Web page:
The US birthrate last year was the lowest since records began in 1920, dropping to 63.2 per 1,000 women, Pew data shows. Between 2007 and 2010, the rate fell 8% among all women aged 15 to 44. It fell 14% among foreign-born women, compared to 6% among women born in the US. And among Mexican immigrant women, it dropped 23%. The recession appears to have played a major role: Foreign-born women were deeply affected by the downturn, and Hispanic women born in the US and abroad have seen household wealth drop more than any other group since 2007.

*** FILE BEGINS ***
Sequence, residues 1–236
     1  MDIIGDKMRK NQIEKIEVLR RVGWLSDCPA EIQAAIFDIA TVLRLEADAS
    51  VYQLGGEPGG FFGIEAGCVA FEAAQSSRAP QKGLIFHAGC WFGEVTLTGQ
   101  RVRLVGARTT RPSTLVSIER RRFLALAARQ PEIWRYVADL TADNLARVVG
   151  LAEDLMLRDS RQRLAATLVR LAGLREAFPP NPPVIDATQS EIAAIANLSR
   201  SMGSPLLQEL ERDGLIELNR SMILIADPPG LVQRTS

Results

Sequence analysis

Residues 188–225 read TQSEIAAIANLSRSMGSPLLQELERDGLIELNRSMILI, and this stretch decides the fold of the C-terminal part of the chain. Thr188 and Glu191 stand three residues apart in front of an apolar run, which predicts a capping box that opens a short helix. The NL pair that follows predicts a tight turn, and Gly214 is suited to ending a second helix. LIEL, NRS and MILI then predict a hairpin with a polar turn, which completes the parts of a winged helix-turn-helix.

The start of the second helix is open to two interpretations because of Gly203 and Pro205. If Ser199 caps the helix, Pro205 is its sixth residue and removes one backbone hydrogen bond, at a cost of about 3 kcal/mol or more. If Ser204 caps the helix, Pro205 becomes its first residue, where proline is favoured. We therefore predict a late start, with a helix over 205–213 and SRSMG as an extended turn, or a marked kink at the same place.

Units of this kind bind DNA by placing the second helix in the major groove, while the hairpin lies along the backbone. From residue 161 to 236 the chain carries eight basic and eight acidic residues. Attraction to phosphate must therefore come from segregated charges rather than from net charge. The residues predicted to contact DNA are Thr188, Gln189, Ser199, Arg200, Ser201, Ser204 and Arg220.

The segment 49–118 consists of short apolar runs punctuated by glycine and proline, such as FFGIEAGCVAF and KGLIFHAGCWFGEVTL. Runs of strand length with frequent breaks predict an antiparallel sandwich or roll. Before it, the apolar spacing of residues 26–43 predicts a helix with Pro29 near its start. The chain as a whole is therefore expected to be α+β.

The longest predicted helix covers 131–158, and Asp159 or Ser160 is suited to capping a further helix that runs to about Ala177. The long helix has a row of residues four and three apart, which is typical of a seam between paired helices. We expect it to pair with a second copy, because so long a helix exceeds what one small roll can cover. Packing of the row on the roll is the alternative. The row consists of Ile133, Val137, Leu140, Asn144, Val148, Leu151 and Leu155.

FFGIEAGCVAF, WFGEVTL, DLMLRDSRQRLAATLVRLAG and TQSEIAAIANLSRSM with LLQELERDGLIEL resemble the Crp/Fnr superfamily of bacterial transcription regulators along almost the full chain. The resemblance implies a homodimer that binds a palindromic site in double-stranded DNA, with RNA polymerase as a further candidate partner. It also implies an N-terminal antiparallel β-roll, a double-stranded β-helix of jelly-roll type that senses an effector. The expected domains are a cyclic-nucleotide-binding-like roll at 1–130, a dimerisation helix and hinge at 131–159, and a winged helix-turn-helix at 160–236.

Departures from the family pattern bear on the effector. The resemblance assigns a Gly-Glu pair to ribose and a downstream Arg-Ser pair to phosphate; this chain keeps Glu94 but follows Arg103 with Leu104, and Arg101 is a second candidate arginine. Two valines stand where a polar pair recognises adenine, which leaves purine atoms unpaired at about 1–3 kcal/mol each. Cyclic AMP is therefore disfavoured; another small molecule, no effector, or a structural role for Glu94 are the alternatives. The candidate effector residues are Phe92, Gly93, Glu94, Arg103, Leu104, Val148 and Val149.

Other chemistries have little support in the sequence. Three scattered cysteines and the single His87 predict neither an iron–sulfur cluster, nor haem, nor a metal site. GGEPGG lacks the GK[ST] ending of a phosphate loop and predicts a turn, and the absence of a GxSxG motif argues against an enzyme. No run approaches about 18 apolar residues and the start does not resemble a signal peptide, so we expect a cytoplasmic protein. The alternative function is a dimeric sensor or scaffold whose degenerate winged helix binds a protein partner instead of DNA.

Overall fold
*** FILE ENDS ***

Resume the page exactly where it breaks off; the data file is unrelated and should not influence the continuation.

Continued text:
"Latinos have been hit particularly hard by the recession, and the downturn in births is especially sharp for immigrants," says a study author. Latino women's increased access to contraception may also have been a factor, analysts say. Another factor: Immigration from Mexico hit a net zero in 2010, the Wall Street Journal notes, meaning that the number of Mexicans moving here matched the number returning to Mexico. Some 3.95 million babies were born in the US last year, the data shows. The birth rate peaked in 1957, at 122.7 per 1,000 women, the BBC notes. (Read more birth rate stories.)